Green Jobs, Greenwashing, and the Importance of a Green Semantics

Joel Makower from asks an important question: "'Green jobs' has become a rallying cry for activists and politicians alike. They're soon to arrive, and in big numbers -- right?"

Everyone is waiting to unwrap the "stimulus package," hoping that inside they will find a financial solution just their size (and also the size of the national crisis), and they're envisioning it in the color green. But are we even talking about the same thing when we use the words "green jobs"? And what does language have to do with creating real solutions to the very real challenges our environment and climate face? Makower writes:

The ambiguity of language has long dogged the environmental movement. So many vague words and terms have been tossed around as if they have specific meaning and shared understanding, even within serious business, political, and academic circles. When such words are used commercially, they can lead, rightly or wrongly, to charges of greenwash. Along the way, well-intentioned organizations and activities can become tarred with the brush intended for the relatively egregious few.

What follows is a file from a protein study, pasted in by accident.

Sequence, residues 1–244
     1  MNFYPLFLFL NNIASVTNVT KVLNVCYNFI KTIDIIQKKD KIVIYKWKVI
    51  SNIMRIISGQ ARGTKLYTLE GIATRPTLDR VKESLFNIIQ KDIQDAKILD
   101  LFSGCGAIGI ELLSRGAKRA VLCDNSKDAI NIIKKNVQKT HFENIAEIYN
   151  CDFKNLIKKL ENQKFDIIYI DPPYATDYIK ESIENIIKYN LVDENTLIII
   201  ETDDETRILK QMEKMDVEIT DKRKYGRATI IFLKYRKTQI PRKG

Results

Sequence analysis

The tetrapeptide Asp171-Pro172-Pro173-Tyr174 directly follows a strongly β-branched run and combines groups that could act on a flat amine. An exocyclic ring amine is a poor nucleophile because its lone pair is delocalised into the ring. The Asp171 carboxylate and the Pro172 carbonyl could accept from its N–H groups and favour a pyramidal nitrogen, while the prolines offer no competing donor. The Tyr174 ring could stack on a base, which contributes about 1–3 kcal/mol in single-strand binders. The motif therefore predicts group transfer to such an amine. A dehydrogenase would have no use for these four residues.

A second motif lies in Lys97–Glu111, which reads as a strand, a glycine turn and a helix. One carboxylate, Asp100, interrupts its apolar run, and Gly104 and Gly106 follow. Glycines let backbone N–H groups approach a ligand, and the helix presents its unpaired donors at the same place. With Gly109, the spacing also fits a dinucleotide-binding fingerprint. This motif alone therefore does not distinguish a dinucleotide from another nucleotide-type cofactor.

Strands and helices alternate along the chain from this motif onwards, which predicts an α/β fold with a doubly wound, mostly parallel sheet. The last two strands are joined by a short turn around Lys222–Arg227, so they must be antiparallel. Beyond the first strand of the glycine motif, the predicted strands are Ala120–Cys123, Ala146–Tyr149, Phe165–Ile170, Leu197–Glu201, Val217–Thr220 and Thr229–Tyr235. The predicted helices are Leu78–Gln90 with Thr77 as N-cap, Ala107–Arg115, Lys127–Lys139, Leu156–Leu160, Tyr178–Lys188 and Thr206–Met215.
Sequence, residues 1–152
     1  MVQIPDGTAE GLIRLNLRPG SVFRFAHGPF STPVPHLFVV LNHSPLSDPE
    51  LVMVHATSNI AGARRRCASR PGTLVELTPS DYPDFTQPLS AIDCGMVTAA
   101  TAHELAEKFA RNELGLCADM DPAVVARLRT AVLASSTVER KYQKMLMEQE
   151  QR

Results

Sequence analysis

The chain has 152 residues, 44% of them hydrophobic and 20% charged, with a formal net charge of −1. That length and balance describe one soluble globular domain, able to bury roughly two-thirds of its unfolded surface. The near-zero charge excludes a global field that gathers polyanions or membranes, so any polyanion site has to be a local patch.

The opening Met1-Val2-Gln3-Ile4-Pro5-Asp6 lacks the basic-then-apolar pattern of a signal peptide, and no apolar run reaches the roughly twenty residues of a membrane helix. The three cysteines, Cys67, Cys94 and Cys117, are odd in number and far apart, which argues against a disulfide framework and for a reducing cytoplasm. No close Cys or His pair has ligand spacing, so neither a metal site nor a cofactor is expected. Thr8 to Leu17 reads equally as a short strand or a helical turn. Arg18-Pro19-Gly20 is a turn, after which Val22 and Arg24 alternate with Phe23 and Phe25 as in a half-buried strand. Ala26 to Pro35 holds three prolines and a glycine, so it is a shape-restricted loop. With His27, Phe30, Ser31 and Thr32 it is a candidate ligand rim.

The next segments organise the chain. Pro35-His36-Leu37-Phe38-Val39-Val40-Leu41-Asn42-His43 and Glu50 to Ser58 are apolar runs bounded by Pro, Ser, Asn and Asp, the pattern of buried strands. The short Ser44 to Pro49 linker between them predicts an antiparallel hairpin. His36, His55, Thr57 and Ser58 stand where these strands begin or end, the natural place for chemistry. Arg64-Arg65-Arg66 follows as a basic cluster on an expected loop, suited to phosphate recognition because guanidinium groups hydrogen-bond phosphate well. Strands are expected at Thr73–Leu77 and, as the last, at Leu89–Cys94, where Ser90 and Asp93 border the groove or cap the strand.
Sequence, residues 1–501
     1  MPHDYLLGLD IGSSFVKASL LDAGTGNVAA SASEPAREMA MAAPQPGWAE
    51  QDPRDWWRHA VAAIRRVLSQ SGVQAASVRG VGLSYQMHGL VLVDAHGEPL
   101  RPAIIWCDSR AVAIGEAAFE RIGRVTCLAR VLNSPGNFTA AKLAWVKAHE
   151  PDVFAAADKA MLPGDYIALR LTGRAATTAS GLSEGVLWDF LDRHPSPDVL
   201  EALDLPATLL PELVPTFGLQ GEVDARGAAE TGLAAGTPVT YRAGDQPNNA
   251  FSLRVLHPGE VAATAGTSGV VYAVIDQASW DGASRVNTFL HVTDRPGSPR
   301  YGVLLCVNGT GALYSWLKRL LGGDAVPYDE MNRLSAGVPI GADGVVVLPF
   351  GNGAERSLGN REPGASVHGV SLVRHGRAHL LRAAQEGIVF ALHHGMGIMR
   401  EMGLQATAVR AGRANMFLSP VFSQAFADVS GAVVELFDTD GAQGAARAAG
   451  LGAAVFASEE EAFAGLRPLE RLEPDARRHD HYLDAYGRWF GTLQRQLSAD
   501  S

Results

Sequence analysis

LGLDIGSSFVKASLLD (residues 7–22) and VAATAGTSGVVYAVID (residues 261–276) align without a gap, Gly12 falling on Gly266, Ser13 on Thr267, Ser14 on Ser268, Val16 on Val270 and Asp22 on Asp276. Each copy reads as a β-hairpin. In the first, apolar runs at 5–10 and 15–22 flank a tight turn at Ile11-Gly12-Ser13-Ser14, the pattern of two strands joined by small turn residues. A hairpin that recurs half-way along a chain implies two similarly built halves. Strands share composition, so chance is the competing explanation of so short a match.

Americans need something to trust in right now, but we also need to not feel we have been shortly betrayed. How will these green jobs be defined: a sector within an already-existing industry that is entrusted with performing "greener" those entrusted with creating greener cars? What about the staff supporting those people...their administrative assistants, the people using "old technology" like oil-based transport to create the new technology that will replace it?

Makower's article concludes with an interesting take on the green "G" that has become like a scarlet "A" among environmentally-minded folks:

Some, including me, have argued that the intense scrutiny of greenwashing has needlessly dampened the appetite of companies to talk publicly about their environmental goals and achievements for fear that doing so will open them up to unwanted (and often unwarranted) scrutiny and criticism.

When you're creating something new, new words are often created in the process. Language is created by the use, mis-use and re-use of words. I think what is necessary is that standardization is sought without dampening the flow of discourse about environmental issues. It is right to expect results from all this talk about green jobs, which will probably be more efficient if we are all talking the same language.

See the United Nations Environment Programme's treatment of the green jobs issue.

Tags: Bailout, Green jobs, Language, Policy

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